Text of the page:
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2006 Football Review - The Wide Receivers

Moving on with our end of season position reviews, today we'll take a look at the wide receivers. But first, here is what we've covered so far:

Linebackers
Secondary
Defensive Line
Offensive Line

Going into 2006, Penn State fans were extremely excited about this group of wide receivers. And why shouldn't they be? In 2005 Deon Butler emerged as a big play wide receiver averaging over 18 yards per catch and racking up 9 touchdowns. Jordan Norwood showed great hands and shifty moves as a possession receiver. And most exciting of all was the return of Derrick Williams after only playing half a season in 2005 due to a broken arm. Add freshman Chris Bell to the group and Nittany Lion fans believed they easily had the best group of wide receivers in the Big Ten.

Things started off great in the Akron game as Anthony Morelli hit Deon Butler on his first pass of the season for a 42 yard touchdown. I jokingly turned to my uncle who was sitting next to me in the stands and said, "It's all down hill from here." I didn't realize how far the hill would drop.


It was all down hill from here

Derrick Williams never got it going this year. They started off trying to get him the ball ten times a game. They sent him on pass patterns, lined him up in the backfield, gave him the ball on end arounds, and put him on punt and kick returns. They even lined him up at quarterback a few snaps. None of it worked. While he ran for a touchdown and returned a punt all the way, his lone receiving touchdown this season came against Akron on a nice double move that left the corner standing at the 15 yard line. Where was that the rest of the season?


The versatile Derrick Williams

Jordan Norwood started off the season hot with 13 catches and a touchdown in the first two games. Then he inexplicably caught a case of the dropsies and couldn't consistently catch the ball the rest of the season. In his defense, it seemed most of the time he had a defender draped on his back or he was climbing a ladder to make an acrobatic catch, but those were plays Nittany Lion fans became accustomed to seeing from him in 2005. He still finished the season as the team's second leading receiver with 41 catches and 437 yards.


It was a rare thing to see a Penn State wide receiver standing in the endzone with the ball this year

Deon Butler was once again the feature act of the group. He consistently showed better skills in getting open and catching the ball than his teammates. But even he disappeared for most of the season and finished with only two touchdowns, both of which came in the first two games. He did have one amazing game against Northwestern where he caught 11 passes for a school record 216 yards. Amazingly, that one game accounted for 24% of his catches and 38% of his yards for the entire season.

Chris Bell was supposed to be the big physical receiver Penn State fans have been craving after years of watching Michigan's receivers pick up apart. He started out promising for a true freshman catching 5 balls in the first three games. But then that was it. Bell didn't catch another ball the rest of the season. Not that the coaches didn't try. They threw to him a few times, but he either ran the wrong route or dropped the pass. As the season wore on there were more Superhero sightings than Chris Bell sightings in Beaver Stadium.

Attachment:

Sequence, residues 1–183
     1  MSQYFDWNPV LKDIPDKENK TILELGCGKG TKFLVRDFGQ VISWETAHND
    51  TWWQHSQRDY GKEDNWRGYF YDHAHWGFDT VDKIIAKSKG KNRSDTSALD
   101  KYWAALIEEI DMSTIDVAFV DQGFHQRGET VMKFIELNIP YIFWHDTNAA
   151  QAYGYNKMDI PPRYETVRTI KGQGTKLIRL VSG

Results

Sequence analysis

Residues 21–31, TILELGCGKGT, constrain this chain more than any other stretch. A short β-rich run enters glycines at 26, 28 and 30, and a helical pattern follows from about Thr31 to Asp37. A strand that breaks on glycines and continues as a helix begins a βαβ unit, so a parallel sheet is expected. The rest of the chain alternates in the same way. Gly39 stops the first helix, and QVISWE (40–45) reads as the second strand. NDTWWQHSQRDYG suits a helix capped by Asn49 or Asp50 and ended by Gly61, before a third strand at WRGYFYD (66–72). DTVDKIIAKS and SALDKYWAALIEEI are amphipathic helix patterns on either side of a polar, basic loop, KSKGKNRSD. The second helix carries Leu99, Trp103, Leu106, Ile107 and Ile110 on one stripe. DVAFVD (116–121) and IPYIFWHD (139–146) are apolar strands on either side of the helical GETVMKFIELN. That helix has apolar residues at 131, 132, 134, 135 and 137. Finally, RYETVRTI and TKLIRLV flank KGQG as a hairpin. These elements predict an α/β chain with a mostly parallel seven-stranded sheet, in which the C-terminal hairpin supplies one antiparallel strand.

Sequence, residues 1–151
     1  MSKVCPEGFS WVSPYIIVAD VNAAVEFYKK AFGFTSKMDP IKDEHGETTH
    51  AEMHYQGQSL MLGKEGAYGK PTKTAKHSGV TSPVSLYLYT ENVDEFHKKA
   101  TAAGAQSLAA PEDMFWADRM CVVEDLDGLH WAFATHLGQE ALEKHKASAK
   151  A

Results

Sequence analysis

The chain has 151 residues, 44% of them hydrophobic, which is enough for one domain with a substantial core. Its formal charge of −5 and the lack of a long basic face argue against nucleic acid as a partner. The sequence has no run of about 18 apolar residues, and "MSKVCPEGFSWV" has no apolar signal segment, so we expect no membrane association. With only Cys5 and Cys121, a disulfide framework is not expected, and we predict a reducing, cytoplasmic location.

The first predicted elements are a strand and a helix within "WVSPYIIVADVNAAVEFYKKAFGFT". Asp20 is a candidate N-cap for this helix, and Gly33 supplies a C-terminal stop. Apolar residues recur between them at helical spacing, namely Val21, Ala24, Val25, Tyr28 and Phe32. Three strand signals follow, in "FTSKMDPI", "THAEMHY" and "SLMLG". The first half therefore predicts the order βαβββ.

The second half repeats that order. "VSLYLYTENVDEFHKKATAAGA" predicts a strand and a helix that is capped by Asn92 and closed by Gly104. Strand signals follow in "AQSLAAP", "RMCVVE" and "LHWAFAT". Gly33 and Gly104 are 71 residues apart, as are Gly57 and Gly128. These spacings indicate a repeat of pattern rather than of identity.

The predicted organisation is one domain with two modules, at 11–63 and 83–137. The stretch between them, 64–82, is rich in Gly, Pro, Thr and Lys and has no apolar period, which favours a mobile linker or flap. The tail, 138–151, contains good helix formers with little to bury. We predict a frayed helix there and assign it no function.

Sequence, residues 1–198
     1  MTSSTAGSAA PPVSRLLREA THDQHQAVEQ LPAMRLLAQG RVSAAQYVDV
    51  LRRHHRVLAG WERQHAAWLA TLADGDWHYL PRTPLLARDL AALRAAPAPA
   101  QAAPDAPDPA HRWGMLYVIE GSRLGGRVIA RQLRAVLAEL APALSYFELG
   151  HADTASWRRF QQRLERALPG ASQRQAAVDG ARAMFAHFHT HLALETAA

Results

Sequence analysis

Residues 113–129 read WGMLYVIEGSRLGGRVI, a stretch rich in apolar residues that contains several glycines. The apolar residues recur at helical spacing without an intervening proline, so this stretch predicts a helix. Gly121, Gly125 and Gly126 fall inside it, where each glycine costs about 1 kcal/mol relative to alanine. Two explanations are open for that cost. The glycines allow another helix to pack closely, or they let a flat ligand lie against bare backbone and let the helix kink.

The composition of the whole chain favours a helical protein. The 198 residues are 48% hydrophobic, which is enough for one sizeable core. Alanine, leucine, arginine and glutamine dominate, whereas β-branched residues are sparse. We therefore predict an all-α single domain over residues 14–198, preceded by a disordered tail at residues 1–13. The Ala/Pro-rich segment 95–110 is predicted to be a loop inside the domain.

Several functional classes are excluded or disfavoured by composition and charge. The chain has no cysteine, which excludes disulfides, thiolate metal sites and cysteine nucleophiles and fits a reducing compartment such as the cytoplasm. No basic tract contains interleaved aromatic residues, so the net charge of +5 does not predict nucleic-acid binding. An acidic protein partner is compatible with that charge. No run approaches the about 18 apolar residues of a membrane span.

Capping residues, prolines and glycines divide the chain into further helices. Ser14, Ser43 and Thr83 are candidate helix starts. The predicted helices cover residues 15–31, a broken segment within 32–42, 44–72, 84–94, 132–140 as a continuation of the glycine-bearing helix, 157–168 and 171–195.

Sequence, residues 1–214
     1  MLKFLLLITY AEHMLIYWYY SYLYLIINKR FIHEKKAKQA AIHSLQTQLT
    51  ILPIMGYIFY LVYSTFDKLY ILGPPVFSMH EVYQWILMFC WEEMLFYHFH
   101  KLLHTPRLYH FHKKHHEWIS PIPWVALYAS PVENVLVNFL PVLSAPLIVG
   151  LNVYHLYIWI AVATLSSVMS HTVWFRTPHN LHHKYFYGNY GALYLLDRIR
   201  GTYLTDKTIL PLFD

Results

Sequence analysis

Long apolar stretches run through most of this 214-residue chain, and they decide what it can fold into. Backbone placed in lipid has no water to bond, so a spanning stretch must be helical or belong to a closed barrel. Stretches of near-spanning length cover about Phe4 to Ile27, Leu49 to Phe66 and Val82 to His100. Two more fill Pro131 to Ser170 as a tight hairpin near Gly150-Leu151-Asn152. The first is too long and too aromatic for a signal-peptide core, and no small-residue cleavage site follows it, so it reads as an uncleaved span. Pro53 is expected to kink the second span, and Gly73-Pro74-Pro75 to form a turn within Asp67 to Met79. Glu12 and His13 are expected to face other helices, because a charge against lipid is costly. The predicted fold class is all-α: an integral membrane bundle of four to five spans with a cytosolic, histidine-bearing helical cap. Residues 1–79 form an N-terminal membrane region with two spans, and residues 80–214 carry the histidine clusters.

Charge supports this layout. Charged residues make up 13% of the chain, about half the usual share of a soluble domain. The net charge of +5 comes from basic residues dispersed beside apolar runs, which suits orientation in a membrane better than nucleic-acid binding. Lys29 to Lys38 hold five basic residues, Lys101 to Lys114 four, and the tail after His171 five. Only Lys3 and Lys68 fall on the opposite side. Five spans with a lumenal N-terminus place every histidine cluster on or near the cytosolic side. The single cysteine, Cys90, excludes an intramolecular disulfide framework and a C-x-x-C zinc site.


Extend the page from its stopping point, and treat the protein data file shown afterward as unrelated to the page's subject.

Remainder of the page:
I'm being pretty harsh on this group of kids. Their stats don't lie, but I don't think they paint the whole picture. Let's keep in mind that last season they had a seasoned senior quarterback who used to play wide receiver himself. This year they got a first year starter that hadn't seen a dozen meaningful snaps in his previous two years with the program. I don't want to put it all on Morelli, but how many times did Butler have his man beat by five yards and Morelli overthrew an easy touchdown?

The group I blame the most for the lackluster play of this group is the coaches. It seems like they never figured out how to utilize Williams. The only way they could get him the ball was with bubble screens and end arounds with an occasional deep fly pattern. These few plays were so easy to read that defenses keyed on them and swarmed all over Williams when he caught the ball. He could never get open space to utilize his speed. His best game was Minnesota where he had 4 catches for 95 yards.


DWill could never find room to run

The coaches don't seem to understand that their receivers and small but fast. You have to get them the ball in space and let them run away from people. Don't run seven yard out patterns where the guy catches the ball with a defender on his back as he's going out of bounds. You'll never get YAC doing that. And you can't expect them to go up and get a jump ball in the endzone. That's not playing to their skills. These guys need to get the ball on slants and crossing patterns where they can catch the ball and run. The out pattern should be used only to keep corners honest from cheating inside. Every Penn State fan remembers the Illinois game where we watched in frustration as they threw out pattern after double covered out pattern. The play calling in that game was so bad that Deon Butler noted in the press that the middle was open but the coaches wouldn't call anything that involved passing over the middle.

In my preseason preview I expected huge things from this group. I scored them an A and said they were the deepest group of talent on the team next to the linebackers. In my midseason review I downgraded them to a B based on the lack of performance. They haven't gotten any better in my view. Sadly, it's not completely their fault. They had coaches that put them at a disadvantage and a quarterback learning on the job with a swiss cheese offensive line. But I can't ignore the numerous dropped passes and lack of production. This group gets a C for a final grade.